Aboriginal Engagement in the Applied Science Curriculum

Lead

Ian Foulds, Assistant Professor, School of Engineering, Faculty of Applied Science (UBC Okanagan)

 

Collaborators

  • Jannik Eikenaar, Instructor, School of Engineering, Faculty of Applied Science (UBC Okanagan)
  • Amy.Perreault, Strategist, Indigenous Initiatives, Centre for Teaching, Learning & Technology (UBC Vancouver)
  • Dr. Kerry Black, Assistant Professor, School of Engineering, Faculty of Applied Science (UBC Okanagan)
  • Kasun Hewage, Professor, School of Engineering, Faculty of Applied Science (UBC Okanagan)
  • Lukas Bichler, Associate Professor, School of Engineering, Faculty of Applied Science (UBC Okanagan)
  • Ayman Elnaggar, Instructor, School of Engineering, Faculty of Applied Science (UBC Okanagan)
  • Ernest Goh, Instructor, School of Engineering, Faculty of Applied Science (UBC Okanagan)

Summary

Our project responds to The Truth and Reconciliation Commission’s call for educators to “build student capacity for intercultural understanding, empathy and mutual respect” (Calls to Action, clause 63), specifically with regard to Aboriginal contexts and communities, by developing instructional modules based on case studies. As researchers have shown, case studies have many benefits: shifting emphasis to student-centred learning (Grant, 1997), exposing students to real-world issues (Raju and Sankar, 1999), and increasing student interest and motivation (Mustoe and Croft, 1999). Further, Davis and Wilcock (2005) find that case studies in Engineering classes can bridge theory and practice, and provide opportunities for active learning and development of lifelong learning skills. These findings suggest that case studies are an excellent vehicle for delivering Aboriginal-based content in the Engineering curriculum.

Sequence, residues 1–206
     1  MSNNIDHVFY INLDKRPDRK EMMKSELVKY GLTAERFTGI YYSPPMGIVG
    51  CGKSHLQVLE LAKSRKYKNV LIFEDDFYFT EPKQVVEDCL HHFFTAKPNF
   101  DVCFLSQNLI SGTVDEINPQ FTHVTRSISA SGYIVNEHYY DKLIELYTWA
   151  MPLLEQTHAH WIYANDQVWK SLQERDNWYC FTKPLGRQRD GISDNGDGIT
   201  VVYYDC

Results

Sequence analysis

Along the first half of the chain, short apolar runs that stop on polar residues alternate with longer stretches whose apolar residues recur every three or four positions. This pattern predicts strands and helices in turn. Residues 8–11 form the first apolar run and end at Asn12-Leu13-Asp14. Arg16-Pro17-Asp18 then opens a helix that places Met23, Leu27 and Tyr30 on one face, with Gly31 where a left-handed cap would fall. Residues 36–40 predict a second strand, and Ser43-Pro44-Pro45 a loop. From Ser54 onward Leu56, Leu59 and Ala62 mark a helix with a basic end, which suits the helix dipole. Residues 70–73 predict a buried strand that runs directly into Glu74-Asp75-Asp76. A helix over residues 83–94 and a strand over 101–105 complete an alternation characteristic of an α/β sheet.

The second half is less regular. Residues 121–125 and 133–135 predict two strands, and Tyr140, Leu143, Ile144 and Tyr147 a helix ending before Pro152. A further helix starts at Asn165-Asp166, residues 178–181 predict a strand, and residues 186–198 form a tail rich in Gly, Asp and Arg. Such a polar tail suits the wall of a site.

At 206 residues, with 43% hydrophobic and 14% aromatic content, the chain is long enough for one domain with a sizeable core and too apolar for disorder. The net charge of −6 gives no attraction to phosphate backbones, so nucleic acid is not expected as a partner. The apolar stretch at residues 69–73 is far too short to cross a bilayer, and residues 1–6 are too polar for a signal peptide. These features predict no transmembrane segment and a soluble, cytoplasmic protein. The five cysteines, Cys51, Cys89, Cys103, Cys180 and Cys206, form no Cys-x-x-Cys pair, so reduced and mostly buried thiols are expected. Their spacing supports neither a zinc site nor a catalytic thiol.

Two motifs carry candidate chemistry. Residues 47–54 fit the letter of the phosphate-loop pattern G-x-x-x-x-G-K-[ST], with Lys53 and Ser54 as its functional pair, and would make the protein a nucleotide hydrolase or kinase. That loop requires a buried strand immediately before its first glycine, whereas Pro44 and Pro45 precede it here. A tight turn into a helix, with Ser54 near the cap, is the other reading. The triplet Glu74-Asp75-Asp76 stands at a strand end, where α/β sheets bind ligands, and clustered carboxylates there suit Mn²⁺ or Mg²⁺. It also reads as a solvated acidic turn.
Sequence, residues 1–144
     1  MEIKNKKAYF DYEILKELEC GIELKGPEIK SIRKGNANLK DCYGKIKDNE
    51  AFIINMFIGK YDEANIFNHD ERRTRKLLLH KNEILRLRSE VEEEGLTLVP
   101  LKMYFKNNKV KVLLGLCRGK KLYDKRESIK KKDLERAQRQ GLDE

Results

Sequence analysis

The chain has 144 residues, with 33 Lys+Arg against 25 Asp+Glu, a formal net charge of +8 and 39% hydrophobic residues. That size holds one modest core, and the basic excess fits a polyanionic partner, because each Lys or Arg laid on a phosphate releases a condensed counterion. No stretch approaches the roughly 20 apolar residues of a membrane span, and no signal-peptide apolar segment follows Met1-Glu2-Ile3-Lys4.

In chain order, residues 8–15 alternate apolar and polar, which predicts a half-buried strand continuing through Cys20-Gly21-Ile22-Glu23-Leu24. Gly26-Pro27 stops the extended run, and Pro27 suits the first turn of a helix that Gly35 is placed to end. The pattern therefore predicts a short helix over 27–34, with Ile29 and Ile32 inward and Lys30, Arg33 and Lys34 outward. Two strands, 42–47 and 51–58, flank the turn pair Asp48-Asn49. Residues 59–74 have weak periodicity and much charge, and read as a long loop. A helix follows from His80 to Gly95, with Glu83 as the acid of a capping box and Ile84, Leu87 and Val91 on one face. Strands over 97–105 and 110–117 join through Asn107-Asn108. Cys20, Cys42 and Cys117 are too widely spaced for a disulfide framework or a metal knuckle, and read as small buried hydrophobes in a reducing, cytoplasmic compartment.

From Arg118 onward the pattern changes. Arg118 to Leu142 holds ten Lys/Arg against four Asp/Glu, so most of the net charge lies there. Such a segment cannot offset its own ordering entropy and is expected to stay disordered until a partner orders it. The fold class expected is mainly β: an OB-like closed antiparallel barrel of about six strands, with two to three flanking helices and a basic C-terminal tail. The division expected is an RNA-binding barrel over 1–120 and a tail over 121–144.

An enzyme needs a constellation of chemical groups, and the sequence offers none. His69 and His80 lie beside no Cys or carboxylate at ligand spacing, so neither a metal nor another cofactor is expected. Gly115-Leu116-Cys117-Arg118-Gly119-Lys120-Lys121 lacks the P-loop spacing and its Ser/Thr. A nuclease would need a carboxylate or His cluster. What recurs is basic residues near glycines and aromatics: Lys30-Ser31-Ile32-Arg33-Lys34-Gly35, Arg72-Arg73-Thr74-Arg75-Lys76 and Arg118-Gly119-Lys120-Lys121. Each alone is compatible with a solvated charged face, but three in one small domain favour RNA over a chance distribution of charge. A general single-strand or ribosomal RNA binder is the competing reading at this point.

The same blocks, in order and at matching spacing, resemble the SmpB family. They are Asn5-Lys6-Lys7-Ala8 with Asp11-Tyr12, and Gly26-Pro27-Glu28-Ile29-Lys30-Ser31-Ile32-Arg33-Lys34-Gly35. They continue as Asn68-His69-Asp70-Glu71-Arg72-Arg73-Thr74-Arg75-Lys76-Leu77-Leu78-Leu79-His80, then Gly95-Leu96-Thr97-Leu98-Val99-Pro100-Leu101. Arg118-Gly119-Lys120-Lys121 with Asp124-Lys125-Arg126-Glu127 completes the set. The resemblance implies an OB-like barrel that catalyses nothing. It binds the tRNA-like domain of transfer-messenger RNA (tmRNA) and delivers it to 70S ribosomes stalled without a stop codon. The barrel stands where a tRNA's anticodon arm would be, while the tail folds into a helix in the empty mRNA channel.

Ahn et al. (2014), however, note that the successful use of case studies in Engineering classes is dependent on faculty members’ ability to manage instruction of the studies and to connect the content to other course material. Further, Vivas and Allada (2006) identify a “major drawback” (p. 237) of using case studies: lack of connection between the studies themselves. The applicants will address these concerns by ensuring that the instructional modules are thematically similar (and thus connected) and by developing a training program for faculty members so that best practices are followed in using the case studies. It is worth noting that many faculty members in SoE already use case studies and will be familiar with the instructional model.